Another plus is that Gleason’s debut actually helps bridge the gap, serving as a visual halfway point between Ottley and Ramos. If these three are meant to comprise the regular, rotating art team going forward, the series should only benefit as a result.
Spencer’s script gives readers plenty to chew on, including building on the events of issue #24 and showing that there’s far more to the connection between Mysterio and the mysterious, shrouded villain Kindred than meets the eye. The book again raises far more questions about Kindred and their plans for Spider-Man than it actually answers, but at least the series is doing a better job of keeping this character in the spotlight and building towards a major confrontation.
It’s also a treat seeing Mary Jane play such a major role in the story after fading into the background in recent months. In addition to delivering a goofy fun romp and bringing another Spider-Man supporting character out of mothballs, this sequence helps solidify MJ’s place in the current franchise. Where does she go from here after having helped run a multinational corporation? What does she want from her life and her renewed relationship with Peter. Those questions, at least, are given definitive answers. This issue flows smoothly and organically between parallel storylines before finally reaching a satisfying conclusion.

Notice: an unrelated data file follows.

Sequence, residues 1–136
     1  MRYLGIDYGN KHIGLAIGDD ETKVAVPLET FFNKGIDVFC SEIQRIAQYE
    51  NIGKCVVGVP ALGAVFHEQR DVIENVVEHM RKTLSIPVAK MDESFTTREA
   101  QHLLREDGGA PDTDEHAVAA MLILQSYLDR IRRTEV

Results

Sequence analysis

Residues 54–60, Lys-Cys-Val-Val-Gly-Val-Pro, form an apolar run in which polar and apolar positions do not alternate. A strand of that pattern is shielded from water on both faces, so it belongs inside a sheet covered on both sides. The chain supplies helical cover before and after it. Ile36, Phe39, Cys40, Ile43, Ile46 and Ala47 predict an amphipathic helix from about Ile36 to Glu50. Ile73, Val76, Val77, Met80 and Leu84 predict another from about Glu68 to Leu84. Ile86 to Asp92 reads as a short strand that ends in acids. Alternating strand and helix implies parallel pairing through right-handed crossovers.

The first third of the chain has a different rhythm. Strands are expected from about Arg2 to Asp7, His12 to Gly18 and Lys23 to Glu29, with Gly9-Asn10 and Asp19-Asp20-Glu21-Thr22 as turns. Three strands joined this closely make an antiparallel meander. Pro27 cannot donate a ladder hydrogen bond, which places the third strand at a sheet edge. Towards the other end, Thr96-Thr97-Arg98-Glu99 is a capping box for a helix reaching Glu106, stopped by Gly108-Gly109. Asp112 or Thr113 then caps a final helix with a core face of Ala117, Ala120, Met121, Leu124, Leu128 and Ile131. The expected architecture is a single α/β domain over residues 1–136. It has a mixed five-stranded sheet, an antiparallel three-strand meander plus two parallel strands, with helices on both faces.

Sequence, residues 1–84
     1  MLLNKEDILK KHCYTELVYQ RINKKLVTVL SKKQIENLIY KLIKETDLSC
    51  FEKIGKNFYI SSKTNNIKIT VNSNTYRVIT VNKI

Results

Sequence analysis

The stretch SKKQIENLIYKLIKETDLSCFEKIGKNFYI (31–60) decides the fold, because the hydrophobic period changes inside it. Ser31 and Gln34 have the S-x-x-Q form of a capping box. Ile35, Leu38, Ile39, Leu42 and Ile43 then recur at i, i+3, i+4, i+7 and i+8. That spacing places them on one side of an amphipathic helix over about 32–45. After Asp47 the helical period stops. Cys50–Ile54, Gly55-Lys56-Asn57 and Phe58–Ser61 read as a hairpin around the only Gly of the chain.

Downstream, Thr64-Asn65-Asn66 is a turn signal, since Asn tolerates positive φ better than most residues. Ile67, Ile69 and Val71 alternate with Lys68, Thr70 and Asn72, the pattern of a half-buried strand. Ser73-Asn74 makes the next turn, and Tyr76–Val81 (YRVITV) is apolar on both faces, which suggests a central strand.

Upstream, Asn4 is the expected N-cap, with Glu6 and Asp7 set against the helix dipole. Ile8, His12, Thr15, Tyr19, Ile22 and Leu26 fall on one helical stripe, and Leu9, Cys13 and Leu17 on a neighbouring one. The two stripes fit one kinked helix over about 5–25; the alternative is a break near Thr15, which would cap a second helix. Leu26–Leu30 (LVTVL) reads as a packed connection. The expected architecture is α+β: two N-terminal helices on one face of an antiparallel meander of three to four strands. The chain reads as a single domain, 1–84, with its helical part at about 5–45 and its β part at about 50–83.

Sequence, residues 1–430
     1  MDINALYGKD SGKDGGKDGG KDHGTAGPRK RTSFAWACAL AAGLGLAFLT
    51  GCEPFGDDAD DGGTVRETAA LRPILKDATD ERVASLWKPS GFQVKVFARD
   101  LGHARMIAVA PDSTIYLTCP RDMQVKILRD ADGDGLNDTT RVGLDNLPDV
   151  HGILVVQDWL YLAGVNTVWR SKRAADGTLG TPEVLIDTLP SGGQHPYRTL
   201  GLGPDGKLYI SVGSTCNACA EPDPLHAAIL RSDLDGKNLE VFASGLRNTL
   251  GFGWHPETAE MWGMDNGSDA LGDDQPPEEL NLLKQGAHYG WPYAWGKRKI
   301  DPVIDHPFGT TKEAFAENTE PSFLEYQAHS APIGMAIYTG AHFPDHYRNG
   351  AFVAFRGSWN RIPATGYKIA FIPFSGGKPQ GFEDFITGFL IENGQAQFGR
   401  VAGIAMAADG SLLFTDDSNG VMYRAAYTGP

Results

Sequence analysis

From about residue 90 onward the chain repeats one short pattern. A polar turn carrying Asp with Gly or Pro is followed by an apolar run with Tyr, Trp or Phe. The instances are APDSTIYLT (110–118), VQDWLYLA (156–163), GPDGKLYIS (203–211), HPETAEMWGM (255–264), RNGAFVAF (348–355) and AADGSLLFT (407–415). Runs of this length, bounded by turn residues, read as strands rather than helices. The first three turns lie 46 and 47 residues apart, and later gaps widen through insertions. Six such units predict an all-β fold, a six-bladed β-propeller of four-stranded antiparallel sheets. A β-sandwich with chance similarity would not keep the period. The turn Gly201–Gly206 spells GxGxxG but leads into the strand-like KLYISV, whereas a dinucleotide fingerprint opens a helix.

If anything, it’s actually a little jarring when the issue abruptly transitions from Spencer’s story to a pair of backup tales. The Spider-Man/JJJ team-up story from Zeb Wells and Todd Nauck is darkly amusing, though it’s tough to get a sense of what impact, if any, it’s meant to have on the larger series. Keaton Patti and Dan Hipp’s segment (basically a riff on those “I forced a bot…” memes) is also entertaining, though the joke is pretty well played out by the end. Both tales are welcome bonuses, but the real meat is in the main story.